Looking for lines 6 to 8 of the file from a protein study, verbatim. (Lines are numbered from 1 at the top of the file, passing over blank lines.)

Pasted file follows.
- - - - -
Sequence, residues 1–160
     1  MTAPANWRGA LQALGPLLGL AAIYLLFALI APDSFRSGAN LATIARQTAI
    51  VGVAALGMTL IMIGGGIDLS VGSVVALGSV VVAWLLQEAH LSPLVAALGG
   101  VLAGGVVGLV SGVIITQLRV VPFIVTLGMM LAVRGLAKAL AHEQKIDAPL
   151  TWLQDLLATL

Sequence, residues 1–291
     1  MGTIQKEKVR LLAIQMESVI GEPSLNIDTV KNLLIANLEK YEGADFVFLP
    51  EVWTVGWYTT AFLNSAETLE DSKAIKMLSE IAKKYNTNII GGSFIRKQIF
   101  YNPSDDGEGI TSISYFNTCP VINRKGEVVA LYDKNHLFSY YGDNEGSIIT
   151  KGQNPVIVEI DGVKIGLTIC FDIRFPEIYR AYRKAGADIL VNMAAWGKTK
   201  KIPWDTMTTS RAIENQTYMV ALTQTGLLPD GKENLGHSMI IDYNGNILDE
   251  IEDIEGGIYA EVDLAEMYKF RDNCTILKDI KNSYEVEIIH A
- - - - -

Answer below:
Sequence, residues 1–291
     1  MGTIQKEKVR LLAIQMESVI GEPSLNIDTV KNLLIANLEK YEGADFVFLP
    51  EVWTVGWYTT AFLNSAETLE DSKAIKMLSE IAKKYNTNII GGSFIRKQIF